The Atlanta Congestion Reduction Demonstration (CRD) project is one of six sites funded by the U.S. DOT through the Urban Partnership Agreement (UPA) and national CRD program to demonstrate congestion pricing and other supporting strategies. The projects are focused on reducing traffic congestion along the I-85 corridor. The Atlanta CRD was the conversion of existing 2+ person high occupancy vehicle (HOV) lanes to dynamically-priced 3+ person high-occupancy toll (HOT) lanes, called Express Lanes, on approximately 16 miles of I-85 northeast of Atlanta. Other Atlanta CRD projects that are being evaluated include transit enhancements, where 36 new buses enabled operation of five new routes on the corridor and park-and-ride lot enhancements.
Evaluation data were collected before and after the conversion to assess impacts on commuters, stakeholders, agency operations, and the environment. "Before" data were collected from September 2009 to September 2010 and "after" data were collected from October 2011 to September 2012. Initial results from a preliminary analysis are shown below. A final evaluation will be provided at the end of the project.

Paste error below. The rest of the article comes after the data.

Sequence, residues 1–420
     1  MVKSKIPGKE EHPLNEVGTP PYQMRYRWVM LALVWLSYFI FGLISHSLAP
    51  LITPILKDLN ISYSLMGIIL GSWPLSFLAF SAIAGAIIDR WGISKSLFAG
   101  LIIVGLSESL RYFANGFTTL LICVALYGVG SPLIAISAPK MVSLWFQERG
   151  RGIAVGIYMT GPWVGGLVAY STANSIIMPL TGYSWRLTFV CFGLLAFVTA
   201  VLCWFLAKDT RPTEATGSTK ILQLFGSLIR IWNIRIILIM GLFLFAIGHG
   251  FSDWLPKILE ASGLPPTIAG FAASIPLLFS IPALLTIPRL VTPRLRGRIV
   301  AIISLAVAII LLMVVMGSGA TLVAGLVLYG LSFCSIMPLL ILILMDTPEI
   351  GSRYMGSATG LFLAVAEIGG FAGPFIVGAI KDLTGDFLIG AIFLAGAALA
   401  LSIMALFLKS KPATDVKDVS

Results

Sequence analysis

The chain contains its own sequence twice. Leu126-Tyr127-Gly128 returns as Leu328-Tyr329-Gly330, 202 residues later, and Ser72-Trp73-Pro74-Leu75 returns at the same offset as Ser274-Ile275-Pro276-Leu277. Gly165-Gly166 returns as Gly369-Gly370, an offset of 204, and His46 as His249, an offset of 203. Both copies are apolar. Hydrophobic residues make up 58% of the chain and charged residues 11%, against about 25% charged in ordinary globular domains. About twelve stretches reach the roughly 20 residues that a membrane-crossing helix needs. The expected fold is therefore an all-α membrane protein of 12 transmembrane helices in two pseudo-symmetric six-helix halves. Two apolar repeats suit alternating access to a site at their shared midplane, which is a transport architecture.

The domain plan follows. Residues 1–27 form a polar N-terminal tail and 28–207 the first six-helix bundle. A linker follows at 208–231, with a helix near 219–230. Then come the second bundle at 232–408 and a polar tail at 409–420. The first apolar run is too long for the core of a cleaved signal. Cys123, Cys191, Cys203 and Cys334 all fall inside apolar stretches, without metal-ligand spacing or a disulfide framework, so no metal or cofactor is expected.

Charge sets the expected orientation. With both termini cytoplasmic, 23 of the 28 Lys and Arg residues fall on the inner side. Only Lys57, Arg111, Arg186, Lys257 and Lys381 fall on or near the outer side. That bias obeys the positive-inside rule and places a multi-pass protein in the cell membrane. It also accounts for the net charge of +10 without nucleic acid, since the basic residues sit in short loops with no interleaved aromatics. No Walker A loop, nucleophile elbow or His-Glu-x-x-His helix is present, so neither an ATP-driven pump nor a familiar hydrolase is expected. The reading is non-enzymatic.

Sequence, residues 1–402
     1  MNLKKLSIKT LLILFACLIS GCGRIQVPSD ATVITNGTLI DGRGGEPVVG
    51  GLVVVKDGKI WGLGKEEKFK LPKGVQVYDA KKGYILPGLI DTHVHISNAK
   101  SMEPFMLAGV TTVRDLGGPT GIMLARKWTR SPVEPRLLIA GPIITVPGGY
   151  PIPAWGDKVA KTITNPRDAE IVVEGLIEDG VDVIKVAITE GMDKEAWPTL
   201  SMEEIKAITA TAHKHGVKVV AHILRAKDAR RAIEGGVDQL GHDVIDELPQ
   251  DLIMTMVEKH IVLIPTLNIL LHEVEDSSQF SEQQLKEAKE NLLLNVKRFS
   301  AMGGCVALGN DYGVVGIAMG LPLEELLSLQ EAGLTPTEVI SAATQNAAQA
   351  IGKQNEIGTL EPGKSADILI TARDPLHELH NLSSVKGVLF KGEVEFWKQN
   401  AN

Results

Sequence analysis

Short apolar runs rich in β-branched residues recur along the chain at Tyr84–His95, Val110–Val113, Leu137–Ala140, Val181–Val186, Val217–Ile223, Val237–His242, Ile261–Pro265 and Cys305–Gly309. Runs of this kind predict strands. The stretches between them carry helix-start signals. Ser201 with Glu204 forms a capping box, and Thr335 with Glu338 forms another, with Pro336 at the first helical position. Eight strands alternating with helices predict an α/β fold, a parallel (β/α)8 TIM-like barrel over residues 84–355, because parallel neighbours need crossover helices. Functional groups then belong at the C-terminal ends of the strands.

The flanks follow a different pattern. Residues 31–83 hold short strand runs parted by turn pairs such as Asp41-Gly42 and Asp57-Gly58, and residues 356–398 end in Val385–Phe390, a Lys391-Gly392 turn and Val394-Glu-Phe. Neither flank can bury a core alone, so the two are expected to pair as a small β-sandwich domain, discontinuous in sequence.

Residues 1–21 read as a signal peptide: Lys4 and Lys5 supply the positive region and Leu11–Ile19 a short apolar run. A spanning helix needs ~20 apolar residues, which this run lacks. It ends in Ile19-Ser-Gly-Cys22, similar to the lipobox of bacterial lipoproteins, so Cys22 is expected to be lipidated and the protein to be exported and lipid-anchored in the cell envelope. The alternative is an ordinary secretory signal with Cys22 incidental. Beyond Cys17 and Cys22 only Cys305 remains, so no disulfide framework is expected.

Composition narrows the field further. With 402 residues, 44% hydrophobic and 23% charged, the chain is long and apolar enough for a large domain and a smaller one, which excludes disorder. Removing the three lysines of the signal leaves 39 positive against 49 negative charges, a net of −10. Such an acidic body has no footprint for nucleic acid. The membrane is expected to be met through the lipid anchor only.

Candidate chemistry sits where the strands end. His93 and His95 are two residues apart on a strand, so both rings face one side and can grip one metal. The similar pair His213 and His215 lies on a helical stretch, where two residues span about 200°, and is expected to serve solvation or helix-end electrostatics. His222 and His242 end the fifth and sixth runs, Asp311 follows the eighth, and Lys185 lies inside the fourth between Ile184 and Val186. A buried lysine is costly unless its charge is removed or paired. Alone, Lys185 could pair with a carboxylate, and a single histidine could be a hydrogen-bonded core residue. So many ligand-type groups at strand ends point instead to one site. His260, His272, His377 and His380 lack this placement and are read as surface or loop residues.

- Annual boardings on the I-85 Xpress bus service increased by seven percent while other areas increased by only three percent.
- Park-and-ride lot use also increased at three out of four lots evaluated. The increased transit use was due in part to increased gasoline prices.
- Traffic sensor data suggested benefits for Express Lanes, but mixed results for general purpose lanes.
- During the first four months of operations the monthly number of trips during morning peak periods grew 54 percent on Express Lanes.
- Excluding the first two weeks when toll rates were in flux, the maximum toll price increase during the four month period increased from $1.55 to $4.25.
- The number of tolled trips increased at a greater rate than the number of non-tolled trips (67 percent compared to 32 percent, respectively).
Moving up to a 3+ person requirement for free travel in the Express Lanes, survey data indicated that
- 39 percent of carpoolers would likely switch to general purpose lanes to avoid paying tolls.
- 15 percent would switch to driving alone.
- 9 percent would look for another person to create a 3 person carpool.
- 5 percent would move to transit.
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